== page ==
The National Endowment for the Arts and the National Park Service announced $797,500 in 33 grants in 16 states, including an award of $30,000 to the Boise Art Museum
to support the development of an exhibition, Minidoka: Artist as Witness (October 8, 2016 January 15, 2017), related to the Minidoka National Historic Site, a World War II Japanese internment camp in 1940s Idaho. Imagine Your Parks is a new grant initiative from the National Endowment for the Arts to support projects in which the arts engage people with memorable places and landscapes of the National Park System.
NEA Chairman Jane Chu said, "As the National Endowment for the Arts celebrates its 50th anniversary and the National Park Service observes its Centennial, we want people to remember that our cultural and natural treasures are part of what makes America great. Imagine Your Parks projects from the Grand Canyon in Arizona, to downtown Atlanta, Georgia will inspire the imagination of people across the country. We are proud to support projects from organizations like the Boise Art Museum to offer more opportunities to engage in the arts.
Melanie Fales, BAMs Executive Director shared, Few people know that Idaho had a major relocation camp during WWII, and even fewer people are aware of the visual art production that occurred as a result. By partnering with the Minidoka National Historic Site and engaging people with this artwork, we will have a powerful and personal means of creating a dialogue about a sensitive subject of profound importance.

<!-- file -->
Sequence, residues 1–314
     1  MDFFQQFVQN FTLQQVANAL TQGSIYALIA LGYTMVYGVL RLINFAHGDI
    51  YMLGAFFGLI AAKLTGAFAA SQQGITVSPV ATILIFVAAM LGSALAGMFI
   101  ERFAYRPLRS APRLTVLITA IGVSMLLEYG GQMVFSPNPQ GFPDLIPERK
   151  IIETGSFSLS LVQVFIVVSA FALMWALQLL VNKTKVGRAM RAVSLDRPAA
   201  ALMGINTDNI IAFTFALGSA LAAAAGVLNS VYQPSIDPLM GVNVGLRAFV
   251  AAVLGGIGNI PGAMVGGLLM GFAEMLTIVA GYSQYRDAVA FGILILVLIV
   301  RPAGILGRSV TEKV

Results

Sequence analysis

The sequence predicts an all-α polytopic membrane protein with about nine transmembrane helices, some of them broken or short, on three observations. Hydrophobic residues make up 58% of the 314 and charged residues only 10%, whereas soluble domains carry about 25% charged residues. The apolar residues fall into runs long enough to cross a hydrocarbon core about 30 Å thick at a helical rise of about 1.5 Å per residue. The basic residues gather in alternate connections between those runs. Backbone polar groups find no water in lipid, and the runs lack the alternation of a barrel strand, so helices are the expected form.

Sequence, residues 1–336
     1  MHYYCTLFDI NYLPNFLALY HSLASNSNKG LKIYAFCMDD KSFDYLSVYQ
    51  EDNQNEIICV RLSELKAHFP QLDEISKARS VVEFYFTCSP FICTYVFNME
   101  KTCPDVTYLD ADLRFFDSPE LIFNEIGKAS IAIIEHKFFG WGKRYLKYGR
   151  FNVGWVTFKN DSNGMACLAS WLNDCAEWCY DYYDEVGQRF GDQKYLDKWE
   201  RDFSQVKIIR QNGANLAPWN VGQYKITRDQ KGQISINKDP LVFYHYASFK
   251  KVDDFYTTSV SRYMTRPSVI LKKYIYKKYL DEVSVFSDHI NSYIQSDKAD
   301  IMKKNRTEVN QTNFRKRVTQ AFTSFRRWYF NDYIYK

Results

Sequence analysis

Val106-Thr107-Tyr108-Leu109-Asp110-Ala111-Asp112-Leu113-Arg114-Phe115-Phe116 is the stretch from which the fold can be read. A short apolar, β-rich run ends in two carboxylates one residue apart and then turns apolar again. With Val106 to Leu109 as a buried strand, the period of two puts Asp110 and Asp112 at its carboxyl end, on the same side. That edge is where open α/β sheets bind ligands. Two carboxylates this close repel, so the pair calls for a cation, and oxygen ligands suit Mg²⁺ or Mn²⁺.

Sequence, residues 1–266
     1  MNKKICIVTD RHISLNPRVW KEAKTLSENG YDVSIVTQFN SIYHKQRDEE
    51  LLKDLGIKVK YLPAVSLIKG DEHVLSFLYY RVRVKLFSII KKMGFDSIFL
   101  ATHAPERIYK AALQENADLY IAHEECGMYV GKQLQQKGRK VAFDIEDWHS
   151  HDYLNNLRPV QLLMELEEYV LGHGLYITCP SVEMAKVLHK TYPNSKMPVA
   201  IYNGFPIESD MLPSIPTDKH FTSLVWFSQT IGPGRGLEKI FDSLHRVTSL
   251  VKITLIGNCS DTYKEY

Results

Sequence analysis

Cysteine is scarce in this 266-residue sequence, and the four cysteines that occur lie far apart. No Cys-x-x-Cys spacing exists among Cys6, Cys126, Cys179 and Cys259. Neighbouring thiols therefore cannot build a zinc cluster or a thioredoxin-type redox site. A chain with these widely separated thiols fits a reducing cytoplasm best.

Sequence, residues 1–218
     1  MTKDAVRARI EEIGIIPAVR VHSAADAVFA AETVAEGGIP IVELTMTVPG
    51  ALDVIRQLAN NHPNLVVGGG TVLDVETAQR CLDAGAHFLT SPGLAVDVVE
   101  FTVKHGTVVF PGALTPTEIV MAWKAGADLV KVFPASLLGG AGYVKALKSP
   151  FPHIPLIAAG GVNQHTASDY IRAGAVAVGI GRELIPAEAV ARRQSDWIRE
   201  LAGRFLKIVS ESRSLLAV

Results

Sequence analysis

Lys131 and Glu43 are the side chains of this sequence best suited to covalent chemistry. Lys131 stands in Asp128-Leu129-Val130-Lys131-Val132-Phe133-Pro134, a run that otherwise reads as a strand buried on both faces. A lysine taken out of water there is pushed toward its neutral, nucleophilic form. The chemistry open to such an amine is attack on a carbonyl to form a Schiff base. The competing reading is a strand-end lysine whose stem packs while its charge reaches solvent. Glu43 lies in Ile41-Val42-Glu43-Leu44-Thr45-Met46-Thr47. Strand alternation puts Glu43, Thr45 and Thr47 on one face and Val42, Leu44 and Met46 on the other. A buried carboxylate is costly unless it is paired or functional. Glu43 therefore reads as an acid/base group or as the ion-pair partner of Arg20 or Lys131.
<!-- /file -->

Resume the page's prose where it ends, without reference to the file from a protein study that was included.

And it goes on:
Boise Art Museums "Imagine Your Parks" project will comprise an exhibition of artwork produced at the camp or created by artists whose families have a personal connection with the Minidoka incarceration experience, such as Takuichi Fujii (1892-1964), Kenjiro Nomura (1896-1956), Teresa Tamura (b. 1960), Roger Shimomura (b. 1939), and Wendy Maruyama (b. 1952). Recognized as a unit of the National Park System in 2001, the internment site held more than 9,000 evacuees between the years 1942 and 1945. To engage visitors of all ages with the Minidoka National Historic Site, educational programming will take place at the Boise Art Museum, at the national park site, and at Boise State University (BSU). The exhibition has been scheduled to coincide with the annual Civil Liberties Symposium at BSU in fall 2016.